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Marita Hyman v. Cornell University and

July 1, 2011


The opinion of the court was delivered by: Scullin, Senior Judge



Plaintiff brought this action pursuant to 20 U.S.C. § 1681 et seq., also known as Title IX of the Educational Amendments of 1972, as well as Section 296(7) of the New York Executive Law (the New York State Human Rights Law) and Section 40-c of the New York State Civil Rights Law. Currently before the Court are Defendants' motion to dismiss and Plaintiff's motion to amend her complaint, as well as Plaintiff's counsel's motion to withdraw as attorney.


This case arises from a series of emails sent between Plaintiff, then a graduate student in Cornell University's Department of Anthropology (the "Department"), and Defendant Greenwood, a senior faculty member in the Department. Plaintiff entered Cornell during the Fall 2002 semester to pursue a doctoral degree in education; and, in the Spring 2004 semester, she applied to switch to the Department of Anthropology. See Complaint at ¶¶ 7, 9. Plaintiff approached Defendant Greenwood regarding her application, and he agreed to support it. See id. at ¶¶ 10-11. However, the Admissions Committee rejected Plaintiff's application. See id. at ¶ 12. Defendant Greenwood expressed surprise at this decision and encouraged Plaintiff to reapply to the Department for the following academic year and volunteered to help her in this endeavor. See id. at ¶ 13. To this end, Defendant Greenwood prepared a letter of support on Plaintiff's behalf, which two other faculty members signed, and emailed it to her at 12:08 am on April 27, 2004. See Complaint at ¶ 15. In May of 2004, the Department admitted Plaintiff. See id. at ¶ 16.

Plaintiff and Defendant Greenwood maintained email contact during and after Plaintiff's transfer admission process. See Complaint at ¶ 17. However, during the spring and summer of 2004, Plaintiff sent Defendant Greenwood a series of emails which he found to be inappropriate. On May 1, 2004, with her admission to the Department already secured, Plaintiff sent Defendant Greenwood a message which began with Plaintiff's wondering about "how best to approach this next phase of our relationship," see Article 78 Record on Appeal ("Art. 78 Rec.") at 80, and included an ambiguous discussion about love, in which Plaintiff indicated that it is "powerful . . . for productive work," see id. at 82. On July 15, 2004, Plaintiff emailed a message to Defendant Greenwood that contained a discussion of Plaintiff's relationship with her husband, with references to their sexual relationship, and Plaintiff's feelings about the choices she makes with her body. See id. at 108. The following day, Defendant Greenwood stated his intent to cease communication with Plaintiff and his encouragement that Plaintiff "mov[e] on with life." See Complaint at ¶ 22.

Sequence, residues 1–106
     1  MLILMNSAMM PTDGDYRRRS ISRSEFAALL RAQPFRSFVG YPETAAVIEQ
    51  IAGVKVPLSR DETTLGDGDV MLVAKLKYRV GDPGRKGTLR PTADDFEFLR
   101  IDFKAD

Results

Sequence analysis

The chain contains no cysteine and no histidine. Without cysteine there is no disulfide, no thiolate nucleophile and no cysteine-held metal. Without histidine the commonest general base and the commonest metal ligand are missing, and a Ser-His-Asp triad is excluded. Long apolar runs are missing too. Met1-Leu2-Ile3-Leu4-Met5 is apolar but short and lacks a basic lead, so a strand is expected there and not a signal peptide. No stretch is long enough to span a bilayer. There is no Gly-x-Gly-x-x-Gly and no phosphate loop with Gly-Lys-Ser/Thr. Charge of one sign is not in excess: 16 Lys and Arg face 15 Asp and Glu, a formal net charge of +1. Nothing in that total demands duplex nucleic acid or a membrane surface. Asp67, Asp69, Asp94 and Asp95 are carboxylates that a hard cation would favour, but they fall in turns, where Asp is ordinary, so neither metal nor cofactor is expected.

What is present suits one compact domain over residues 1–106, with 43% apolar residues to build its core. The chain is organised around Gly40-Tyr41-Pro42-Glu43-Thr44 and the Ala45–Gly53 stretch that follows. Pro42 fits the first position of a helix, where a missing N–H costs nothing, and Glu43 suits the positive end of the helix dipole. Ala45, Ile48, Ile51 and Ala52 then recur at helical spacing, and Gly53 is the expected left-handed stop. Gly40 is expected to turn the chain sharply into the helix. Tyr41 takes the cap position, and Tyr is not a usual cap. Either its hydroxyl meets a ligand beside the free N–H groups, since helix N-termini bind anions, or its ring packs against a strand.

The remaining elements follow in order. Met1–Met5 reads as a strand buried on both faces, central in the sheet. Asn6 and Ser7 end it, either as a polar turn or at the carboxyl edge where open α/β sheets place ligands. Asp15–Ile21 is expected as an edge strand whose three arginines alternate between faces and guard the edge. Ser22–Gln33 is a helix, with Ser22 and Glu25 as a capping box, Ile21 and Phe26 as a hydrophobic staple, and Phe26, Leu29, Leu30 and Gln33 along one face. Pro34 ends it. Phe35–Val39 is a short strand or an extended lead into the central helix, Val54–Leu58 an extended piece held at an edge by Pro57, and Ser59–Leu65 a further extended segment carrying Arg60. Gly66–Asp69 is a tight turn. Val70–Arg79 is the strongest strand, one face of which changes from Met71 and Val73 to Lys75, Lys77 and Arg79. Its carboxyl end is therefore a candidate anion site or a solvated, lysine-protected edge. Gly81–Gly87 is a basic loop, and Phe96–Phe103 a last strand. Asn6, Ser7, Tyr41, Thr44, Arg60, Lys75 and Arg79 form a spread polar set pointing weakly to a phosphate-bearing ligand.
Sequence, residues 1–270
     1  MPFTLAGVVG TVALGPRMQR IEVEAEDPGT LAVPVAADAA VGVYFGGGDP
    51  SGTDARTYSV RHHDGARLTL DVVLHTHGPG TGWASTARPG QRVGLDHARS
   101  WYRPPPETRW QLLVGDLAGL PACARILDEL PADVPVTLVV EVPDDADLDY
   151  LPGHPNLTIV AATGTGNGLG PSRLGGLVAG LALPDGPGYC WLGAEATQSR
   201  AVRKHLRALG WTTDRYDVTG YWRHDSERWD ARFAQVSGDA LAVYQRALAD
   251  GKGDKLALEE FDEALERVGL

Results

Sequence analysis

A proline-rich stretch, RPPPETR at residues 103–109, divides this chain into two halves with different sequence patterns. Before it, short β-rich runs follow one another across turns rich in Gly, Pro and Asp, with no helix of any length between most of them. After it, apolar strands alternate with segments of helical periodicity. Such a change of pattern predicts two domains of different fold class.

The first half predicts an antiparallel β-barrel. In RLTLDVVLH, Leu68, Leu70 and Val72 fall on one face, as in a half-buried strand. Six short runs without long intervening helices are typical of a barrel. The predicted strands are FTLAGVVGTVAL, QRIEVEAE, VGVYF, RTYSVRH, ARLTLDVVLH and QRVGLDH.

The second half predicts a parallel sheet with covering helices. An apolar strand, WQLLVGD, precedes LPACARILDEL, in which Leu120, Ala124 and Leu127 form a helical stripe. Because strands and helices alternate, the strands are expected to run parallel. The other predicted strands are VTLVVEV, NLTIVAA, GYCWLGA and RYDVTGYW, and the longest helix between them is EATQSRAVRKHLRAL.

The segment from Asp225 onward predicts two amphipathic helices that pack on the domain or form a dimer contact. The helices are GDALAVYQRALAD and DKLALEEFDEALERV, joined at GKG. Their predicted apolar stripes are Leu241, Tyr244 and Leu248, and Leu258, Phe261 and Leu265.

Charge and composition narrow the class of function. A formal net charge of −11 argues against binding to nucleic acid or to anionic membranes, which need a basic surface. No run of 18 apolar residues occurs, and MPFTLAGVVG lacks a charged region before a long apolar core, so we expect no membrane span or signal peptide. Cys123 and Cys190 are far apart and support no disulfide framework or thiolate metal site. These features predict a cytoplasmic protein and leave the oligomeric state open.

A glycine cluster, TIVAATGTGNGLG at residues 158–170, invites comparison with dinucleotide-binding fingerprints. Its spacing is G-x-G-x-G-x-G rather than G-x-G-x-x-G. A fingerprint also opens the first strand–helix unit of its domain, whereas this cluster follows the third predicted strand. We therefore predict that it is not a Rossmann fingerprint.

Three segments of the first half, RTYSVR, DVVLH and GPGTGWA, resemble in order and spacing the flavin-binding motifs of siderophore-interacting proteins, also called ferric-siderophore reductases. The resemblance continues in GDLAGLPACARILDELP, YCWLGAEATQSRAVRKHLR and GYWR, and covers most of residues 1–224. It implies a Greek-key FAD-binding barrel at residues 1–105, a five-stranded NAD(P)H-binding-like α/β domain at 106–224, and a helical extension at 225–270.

On November 1, 2004, Defendant Greenwood emailed Plaintiff and demanded that she not contact him again, including a no-contact agreement within the body of his email. See Complaint at ¶ 34. Plaintiff responded, expressing her agreement not to contact him. See id. at ¶ 37. On or about November 23, 2006, Plaintiff responded to a campus-wide email from Cornell University President David Skorton which asked for input on his review of the Cornell Code of Conduct. See Complaint at ¶ 40. Plaintiff protested the treatment she received within the Department, stating that faculty members had repeatedly violated her rights under the Code. See id. Plaintiff copied Defendant Greenwood on the email to President Skorton. See id. at ¶ 40.